When you create the image, the program will offer a name - you simply add to that XP or Vista.

In respect of your copy and paste for your personal data you do not simply paste files to the root of the external drive
YOU create folders - you name them - whatever you wish (Docs, Pictures, Music etc ) and XP or VISTA - and I add the date, changing it as I make the backups

9. I have explained that the system image provided on the Vista OS is only available on the three editions.
HOWEVER a backup (not an image) and restore is provided on all Vista editions, but is not configurable as an automatic backup on Starter and Home Basic

PERSONALLY I never set automatic backup - I like to do it manually and see it working and check it.

10. I recommend you create
1. A COMPLETE SYSTEM IMAGE using either Easeus etc or the Vista image software if you happen to have Ultimate etc.
2. A complete backup using Vistas inbuilt procedure
3. YOUR day to day or whatever copy and paste of your personal data.
If you do that, you will have secured the system AND I can assure you that there are many people who come to this site for help and regretfully rue the day when they did not bother to do this.

11. With an image, you cannot select WHAT is restored - you can only restore the whole image
That is why you must still have separate backups.

12. This will help explain the procedures I have covered up to now

13. YOU asked about ordering the Vista disc and my colleague lunarlander posted advice you re an OEM disc.
If it is not OEM but a Microsoft Vista installation, then if you really want the disc, although as you say you do not have the receipt, please see this

Other proof, besides the receipt is acceptable.
I have NO IDEA if Microsoft still provide Vista installation discs and if the installation is on a Dell etc they certainly will not as explained in the link.

14. The Vista installation CD from Microsoft is also a repair disc, that allows you to access startup repair and the other options including command prompt

On OEM computers that do not have the disc provided, or is only a reinstallation disc, these options are usally available from F8 - advanced boot options and on that screen "Repair Your Computer" provides the options shown in the link.

Finally I wish you the best of luck with my colleague in the Malware forum, on the XP computer.
I think I have provided all you need and with that information and the other help provided here, from colleagues you should have all you need to ensure that in the event of a problem, whether it is the simple deletion of a picture or document in error or a more serious problem, you can recover - as you want to - rather than simply to the condition it was in when new.

When you get chance if the computer is a named make post that, and the full model details and I will complete my advice to you

Good luck


Trusted Advisor
Spam Fighter
Jan 14, 2010

I mentioned to you my reply on this topic while you were engaged with the topic in Malware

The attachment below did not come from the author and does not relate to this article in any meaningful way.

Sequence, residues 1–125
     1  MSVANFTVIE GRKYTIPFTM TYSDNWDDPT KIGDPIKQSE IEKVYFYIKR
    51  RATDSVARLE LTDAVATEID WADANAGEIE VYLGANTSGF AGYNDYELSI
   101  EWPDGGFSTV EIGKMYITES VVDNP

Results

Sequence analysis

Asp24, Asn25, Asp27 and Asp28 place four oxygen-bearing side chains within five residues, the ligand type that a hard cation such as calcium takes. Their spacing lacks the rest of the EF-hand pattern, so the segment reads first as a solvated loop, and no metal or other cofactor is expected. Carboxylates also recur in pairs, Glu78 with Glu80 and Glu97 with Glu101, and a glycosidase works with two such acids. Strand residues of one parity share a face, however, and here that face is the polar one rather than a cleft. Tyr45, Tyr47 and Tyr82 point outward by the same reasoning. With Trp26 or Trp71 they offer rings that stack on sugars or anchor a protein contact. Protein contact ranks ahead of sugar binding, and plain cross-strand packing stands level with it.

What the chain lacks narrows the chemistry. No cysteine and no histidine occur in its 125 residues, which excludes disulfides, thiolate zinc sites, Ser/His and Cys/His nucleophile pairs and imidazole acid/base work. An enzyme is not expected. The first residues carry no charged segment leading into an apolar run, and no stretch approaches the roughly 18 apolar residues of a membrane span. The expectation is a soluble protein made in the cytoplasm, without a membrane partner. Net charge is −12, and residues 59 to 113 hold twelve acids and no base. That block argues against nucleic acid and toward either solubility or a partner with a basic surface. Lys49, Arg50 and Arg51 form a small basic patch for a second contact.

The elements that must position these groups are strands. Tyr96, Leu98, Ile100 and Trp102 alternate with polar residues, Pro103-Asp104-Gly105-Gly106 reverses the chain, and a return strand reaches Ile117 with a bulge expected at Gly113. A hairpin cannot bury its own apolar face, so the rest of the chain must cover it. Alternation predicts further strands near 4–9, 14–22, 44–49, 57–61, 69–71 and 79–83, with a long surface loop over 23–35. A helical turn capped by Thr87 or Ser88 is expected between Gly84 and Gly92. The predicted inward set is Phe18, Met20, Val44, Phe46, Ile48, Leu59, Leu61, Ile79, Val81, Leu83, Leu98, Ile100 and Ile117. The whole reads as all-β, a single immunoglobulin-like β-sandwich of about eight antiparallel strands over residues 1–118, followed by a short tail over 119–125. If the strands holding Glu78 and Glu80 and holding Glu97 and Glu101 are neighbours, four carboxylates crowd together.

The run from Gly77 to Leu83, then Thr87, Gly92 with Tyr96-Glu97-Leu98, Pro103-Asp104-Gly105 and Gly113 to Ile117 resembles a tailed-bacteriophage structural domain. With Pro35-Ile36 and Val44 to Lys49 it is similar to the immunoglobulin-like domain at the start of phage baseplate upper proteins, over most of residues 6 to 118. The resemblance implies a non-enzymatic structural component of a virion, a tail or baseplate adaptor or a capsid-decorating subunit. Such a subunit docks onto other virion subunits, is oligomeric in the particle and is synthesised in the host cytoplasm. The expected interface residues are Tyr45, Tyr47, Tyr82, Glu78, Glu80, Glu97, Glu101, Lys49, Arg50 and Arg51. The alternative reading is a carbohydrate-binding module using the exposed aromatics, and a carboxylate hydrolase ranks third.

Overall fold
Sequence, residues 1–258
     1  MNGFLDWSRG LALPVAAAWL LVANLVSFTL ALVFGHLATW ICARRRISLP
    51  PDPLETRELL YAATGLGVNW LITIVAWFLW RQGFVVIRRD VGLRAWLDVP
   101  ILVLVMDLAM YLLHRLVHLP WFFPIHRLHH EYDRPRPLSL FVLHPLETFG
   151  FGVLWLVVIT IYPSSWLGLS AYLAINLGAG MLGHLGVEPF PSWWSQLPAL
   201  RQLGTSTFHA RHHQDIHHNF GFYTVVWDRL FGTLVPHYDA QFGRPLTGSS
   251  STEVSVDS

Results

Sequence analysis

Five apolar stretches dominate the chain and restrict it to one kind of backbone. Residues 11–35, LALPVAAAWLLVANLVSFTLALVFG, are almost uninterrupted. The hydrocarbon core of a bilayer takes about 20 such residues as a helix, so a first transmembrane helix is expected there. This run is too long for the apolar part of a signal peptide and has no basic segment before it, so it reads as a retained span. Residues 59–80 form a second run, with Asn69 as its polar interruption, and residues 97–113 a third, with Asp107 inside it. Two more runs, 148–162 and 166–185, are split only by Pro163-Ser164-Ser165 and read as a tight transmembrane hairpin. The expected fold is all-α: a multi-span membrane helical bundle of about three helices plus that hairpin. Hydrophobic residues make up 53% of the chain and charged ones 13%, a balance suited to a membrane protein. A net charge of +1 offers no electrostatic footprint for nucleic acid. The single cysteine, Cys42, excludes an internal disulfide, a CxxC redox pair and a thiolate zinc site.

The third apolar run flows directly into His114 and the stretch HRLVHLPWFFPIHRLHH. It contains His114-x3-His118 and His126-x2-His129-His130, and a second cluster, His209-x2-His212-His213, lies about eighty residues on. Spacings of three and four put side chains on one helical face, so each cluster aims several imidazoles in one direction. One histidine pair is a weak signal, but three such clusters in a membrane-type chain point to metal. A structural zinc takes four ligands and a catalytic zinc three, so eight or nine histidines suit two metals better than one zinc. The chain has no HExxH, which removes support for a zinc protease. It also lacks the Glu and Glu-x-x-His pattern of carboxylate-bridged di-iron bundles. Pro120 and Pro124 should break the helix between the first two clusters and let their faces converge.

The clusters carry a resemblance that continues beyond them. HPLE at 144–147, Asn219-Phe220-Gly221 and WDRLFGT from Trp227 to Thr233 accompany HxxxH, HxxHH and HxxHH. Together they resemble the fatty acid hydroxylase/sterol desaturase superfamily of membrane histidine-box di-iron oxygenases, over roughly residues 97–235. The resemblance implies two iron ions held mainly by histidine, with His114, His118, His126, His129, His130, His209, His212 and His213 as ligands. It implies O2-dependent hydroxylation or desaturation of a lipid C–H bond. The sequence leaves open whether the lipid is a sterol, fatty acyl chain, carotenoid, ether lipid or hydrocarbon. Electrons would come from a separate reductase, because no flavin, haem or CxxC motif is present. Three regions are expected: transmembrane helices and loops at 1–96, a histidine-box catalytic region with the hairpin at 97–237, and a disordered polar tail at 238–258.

On that topic on 3 Jan you posted
So, let's leave this at rest for a couple of days as my online backup service downloads.
Would you kindly reply to my detailed explanation I prepared for you on this topic.
Additionally at your convenience, you have not gone back to the Malware issue to finalise that matter.

A reply to both would be appreciated


Thread Starter
Dec 29, 2012


First and foremost, I greatly apoligize for not keeping up on this thread. Ihave been trying to catch up on a ton of stuff. I hope you understand.

Secondly, I greatly appreciate the detailed answer. That is exactly what Iwas trying to figure out.

For those following this thread - the story:

I just lost an old computer (running XP) to a virus and I am now up andrunning on a "new" computer. This "new" computer is a handme down from somebody who does not have restoration CDs and such. This"new" computer runs Vista. It is VistaHome Basic. So, no enterprise option.

However, this "new" computer is fine and healthy and running. AllI am trying to do is figure out how to backup the PROGRAMS.

Why back up the programs? Because Microsoft only allows three installs and Iran out of installs on most of my programs. When I was setting up this"new" computer the programs said "sorry, your have installed methree times." As it turns out, I was able to call MS's automated systemand it gave me an accommodation for another install.

So, I want to backup the PROGRAMS.

Your post perfectly describes how to do so.

To summarize:

1. I am going to image the computer. This image, as opposed to a backup,will provide a second copy of my entire computer. To the point, it providesinsurance to installed programs. If Ineed to reestablish a computer, I can reestablish from this image. I will not have to reinstall programs fromthe original CDs.

2. Vista Home does not allow you to do this, so I will use be using the freeprograms that you recommend to do so.

Thanks so much for this. I greatly appreciate this answer. It solves a lotof problems for yours truly.

So, I think this is solved?